What Is Biological
Biological Farming combines the best of conventional/synthetic and organic farming with an emphasis on attaining naturally productive soils that display high levels of biological activity. The main purpose is to maximise the activity of soil biology through the provision of good soil nutrition and structure, together with adequate supplies of carbon, air and water.
Biological Farming is using modern technology and new methods, but uses only those that do not interfere with natural systems and do not cause harm down the road.
Biological Farming aims at attaining balance between the physical, chemical nutrients and biological facets of the soil aided by improved organic carbon content. Measuring, planning changing and taking control of these three aspects give a more complete view of soil fertility and a greater degree of control over the growing environment.
The Nitrosol philosophy is to use a combination of readily available biological nutrients such as amino acids together with trace minerals and apply these in the “little more often” approach as a foliar spray. This results in fast nutrition and stimulation of the plant itself to encourage natural processes such as photosynthesis. The plant is better able to provide carbohydrates and other nutrients which benefit the plant itself as well as the surrounding biology that in turn provides the plant with nutrients from the soil.
In short Nitrosol helps to promote a healthy Biological system that can sustain itself naturally.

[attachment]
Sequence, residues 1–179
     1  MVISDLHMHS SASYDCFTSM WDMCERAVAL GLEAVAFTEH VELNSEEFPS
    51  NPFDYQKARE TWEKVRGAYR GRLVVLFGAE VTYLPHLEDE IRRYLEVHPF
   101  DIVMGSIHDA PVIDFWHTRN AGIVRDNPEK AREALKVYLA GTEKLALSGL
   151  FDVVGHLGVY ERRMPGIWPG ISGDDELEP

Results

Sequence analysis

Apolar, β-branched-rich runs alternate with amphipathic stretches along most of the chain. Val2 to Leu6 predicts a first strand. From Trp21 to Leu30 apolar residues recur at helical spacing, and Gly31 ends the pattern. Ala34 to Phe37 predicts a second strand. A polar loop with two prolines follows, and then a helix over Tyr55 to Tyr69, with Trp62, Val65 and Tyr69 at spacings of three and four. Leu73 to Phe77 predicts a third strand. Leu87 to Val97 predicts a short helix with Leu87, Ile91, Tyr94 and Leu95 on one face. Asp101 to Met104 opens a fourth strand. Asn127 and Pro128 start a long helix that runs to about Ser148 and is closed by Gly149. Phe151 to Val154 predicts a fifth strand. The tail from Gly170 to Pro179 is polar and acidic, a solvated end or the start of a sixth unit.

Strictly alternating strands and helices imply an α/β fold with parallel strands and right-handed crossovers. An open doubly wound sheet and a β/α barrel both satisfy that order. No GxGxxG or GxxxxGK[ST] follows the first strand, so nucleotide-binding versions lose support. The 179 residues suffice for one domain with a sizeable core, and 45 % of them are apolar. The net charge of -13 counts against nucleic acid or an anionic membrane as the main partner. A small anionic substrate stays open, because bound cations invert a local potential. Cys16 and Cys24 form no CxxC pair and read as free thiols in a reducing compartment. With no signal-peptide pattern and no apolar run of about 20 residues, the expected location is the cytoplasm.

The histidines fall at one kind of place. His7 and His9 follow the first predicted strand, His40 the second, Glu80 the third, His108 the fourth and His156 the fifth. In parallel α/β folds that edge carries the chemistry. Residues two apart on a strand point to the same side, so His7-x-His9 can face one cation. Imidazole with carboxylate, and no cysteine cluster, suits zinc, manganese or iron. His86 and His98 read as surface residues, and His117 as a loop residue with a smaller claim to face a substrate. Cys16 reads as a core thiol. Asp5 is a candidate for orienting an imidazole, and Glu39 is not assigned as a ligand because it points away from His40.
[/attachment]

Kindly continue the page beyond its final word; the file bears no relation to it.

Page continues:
Humans and animals, rely on the beneficial microorganisms in our environment. There are more microorganisms cells than there are human cells in the human body. These are essential for digestion of food production, of vitamin K etc. We also rely on microorganisms like yeast to make bread and bacteria to make cheese and yogurt etc.
Arguably plants rely even more than we do on the surrounding biology for their survival. This includes microorganisms such as bacteria and fungi as well as pollinating insects, nematodes and earthworms that turn the soil and expose the roots to nutrients.
The biological ecosystem surrounding the roots of plants is known as the rhizosphere, this area is critical for the health of the plant and is teaming with life that is constantly active in breaking down minerals and decaying matter in the soil and then making it available to the roots of the plant.
Not all the biology is beneficial to the plant, some insects, bacteria and fungi for example attack the plants. There is a constant battle going on between biology that is harmful and beneficial to the plant but normally the beneficial biology dominates and allows the plant life to dominate and support the beneficial biology.
The beneficial organisms can even reside within the plant and have a symbiotic relationship with the plant some examples are rhizobium bacteria that colonise clover roots and live off the carbohydrates and other nutrients provided by the clover and in turn, fix atmospheric nitrogen and provide this for the clover. Another good example is the endophytic fungi that colonise some pasture species such as ryegrass. These specialist fungi live in the living plant tissue and feed off the nutrients provided by the plant and in turn produce insecticidal compounds known as lolines that kill insect predators of the grass such as black beetle grubs.
Besides the more obvious negative effects of over fertilising such as pollution of waterways, the soil biology can also be negatively affected in many ways including:
- The pH of the soil is lowered by high levels of nitrogen fertilisers which can result in some nutrients being less soluble/ available and can also affect microorganism and earthworm activity.
- Long use of high concentrations of fertilisers results in accumulation of salts in the soil which affects biological activity.
- Natural nitrogen fixing and phosphorous mineralisation is negatively affected.
- Composting processes and recycling of dead plant and animal matter is reduced which are important sources of nutrients for living plants.